• atopic dermatitis;
  • itch;
  • mast cell;
  • pruritus;
  • urticaria


Chronic pruritus is a major symptom in numerous dermatological and systemic diseases. Similar to chronic pain, chronic pruritus can have a dramatic impact on the quality of life and can worsen the general condition of the patient considerably. The pathogenesis of itch is diverse and involves a complex network of cutaneous and neuronal cells. In recent years, more and more itch-specific mediators and receptors, such as interleukin-31, gastrin-releasing peptide receptor or histamine H4 receptor have been identified and the concept of itch-specific neurons has been further characterized. Understanding of the basic principles is important for development of target-specific treatment of patients with chronic pruritus. In this review, we summarize the current knowledge about the pathophysiological principles of itch and provide an overview about current and future treatment options.

Key points

  •  Chronic pruritus is a common problem affecting a large proportion of the population.
  •  The pathophysiological mechanisms underlying chronic pruritus are still insufficiently understood.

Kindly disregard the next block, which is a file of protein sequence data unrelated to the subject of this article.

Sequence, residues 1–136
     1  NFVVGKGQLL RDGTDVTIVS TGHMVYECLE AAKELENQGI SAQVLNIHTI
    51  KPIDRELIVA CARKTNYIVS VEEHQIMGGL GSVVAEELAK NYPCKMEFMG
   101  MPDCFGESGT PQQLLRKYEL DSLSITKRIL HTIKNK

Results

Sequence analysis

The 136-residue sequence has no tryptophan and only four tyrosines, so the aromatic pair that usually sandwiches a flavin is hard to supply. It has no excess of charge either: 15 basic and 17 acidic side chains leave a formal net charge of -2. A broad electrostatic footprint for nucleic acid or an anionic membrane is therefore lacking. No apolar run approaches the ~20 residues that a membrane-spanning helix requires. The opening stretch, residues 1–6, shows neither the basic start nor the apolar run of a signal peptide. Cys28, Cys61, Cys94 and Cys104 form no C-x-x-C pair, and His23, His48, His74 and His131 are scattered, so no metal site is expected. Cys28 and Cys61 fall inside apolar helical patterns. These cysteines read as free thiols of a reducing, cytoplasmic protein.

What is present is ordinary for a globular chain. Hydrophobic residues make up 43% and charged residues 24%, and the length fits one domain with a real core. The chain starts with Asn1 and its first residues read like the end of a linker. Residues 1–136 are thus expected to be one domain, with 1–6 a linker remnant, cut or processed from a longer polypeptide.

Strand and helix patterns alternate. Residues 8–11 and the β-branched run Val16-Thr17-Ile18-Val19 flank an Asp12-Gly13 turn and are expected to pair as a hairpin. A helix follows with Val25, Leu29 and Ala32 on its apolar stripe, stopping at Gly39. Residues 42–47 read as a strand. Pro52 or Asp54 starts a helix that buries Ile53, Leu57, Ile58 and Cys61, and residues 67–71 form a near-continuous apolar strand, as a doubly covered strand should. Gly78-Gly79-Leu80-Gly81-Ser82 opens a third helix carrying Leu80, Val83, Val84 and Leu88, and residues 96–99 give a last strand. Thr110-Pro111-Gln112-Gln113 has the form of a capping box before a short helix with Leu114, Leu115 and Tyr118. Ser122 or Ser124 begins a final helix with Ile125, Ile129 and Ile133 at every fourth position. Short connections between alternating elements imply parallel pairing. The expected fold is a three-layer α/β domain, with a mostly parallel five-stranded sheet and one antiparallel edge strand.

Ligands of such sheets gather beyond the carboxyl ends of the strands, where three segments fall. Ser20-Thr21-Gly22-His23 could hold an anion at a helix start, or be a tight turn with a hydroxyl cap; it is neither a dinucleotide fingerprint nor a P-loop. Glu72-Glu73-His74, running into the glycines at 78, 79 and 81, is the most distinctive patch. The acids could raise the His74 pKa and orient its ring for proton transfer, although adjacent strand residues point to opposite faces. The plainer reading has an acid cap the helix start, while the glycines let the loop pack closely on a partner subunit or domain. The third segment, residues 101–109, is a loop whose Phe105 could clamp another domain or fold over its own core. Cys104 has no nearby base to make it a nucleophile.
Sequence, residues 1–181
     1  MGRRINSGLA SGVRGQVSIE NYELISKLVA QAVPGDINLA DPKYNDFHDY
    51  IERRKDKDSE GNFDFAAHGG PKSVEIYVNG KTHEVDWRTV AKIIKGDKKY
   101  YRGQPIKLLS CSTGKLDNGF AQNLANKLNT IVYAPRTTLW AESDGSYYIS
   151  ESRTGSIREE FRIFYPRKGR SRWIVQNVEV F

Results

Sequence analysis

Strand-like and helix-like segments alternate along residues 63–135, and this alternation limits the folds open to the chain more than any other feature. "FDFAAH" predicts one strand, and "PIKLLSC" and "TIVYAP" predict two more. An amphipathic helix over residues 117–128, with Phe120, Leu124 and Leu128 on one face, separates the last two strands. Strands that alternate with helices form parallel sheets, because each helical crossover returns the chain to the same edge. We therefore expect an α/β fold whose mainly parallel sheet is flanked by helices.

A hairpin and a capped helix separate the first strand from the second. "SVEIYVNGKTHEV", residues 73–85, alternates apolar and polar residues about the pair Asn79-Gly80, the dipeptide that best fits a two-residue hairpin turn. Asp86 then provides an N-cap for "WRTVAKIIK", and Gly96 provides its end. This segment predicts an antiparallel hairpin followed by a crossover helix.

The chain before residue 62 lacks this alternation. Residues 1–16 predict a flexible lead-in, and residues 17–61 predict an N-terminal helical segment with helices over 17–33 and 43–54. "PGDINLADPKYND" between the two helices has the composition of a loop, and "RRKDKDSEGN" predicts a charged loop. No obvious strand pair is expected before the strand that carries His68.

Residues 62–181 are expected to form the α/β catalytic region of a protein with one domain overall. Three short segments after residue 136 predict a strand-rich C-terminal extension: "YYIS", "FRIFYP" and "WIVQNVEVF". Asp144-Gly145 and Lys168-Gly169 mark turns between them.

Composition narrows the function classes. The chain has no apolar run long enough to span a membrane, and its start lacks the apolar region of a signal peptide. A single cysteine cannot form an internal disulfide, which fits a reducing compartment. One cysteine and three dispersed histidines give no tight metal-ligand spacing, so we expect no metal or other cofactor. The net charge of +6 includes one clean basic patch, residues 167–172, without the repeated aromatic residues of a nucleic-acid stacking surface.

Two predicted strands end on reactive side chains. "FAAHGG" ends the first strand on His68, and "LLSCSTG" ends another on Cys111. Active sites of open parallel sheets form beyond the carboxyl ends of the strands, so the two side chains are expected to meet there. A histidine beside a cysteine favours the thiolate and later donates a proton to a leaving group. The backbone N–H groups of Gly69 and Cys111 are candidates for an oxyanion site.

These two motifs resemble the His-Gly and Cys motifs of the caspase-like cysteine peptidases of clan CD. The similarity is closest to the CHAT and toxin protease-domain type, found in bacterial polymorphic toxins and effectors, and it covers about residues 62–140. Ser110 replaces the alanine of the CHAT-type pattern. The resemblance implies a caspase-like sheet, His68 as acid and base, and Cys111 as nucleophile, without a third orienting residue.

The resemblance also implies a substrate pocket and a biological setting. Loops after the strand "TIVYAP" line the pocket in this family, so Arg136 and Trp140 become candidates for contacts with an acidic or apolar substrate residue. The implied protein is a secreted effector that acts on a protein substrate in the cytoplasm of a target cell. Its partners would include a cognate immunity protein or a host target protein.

•  In the skin, diverse and complex interactions of keratinocytes, mast cells and sensory nerves largely determine  the occurrence and the control of pruritus.
  •  Management of patients with chronic pruritus requires an individually tailored therapy based on the condition of the skin (inflamed or non-inflamed), possible underlying causes and existing co-medication.
  •  Systemic treatment with antihistamines often requires up-dosing up to 4-fold of the recommended daily dose.
  •  Alternative systemic treatments of chronic pruritus are anticonvulsant drugs, μ-opioid receptor antagonists, antidepressants and UV light therapy.
  •  Novel treatment options for chronic pruritus are to be expected in the near future and include H4 receptor antagonists, κ-opioid receptor agonists and neurokinin 1-receptor antagonists.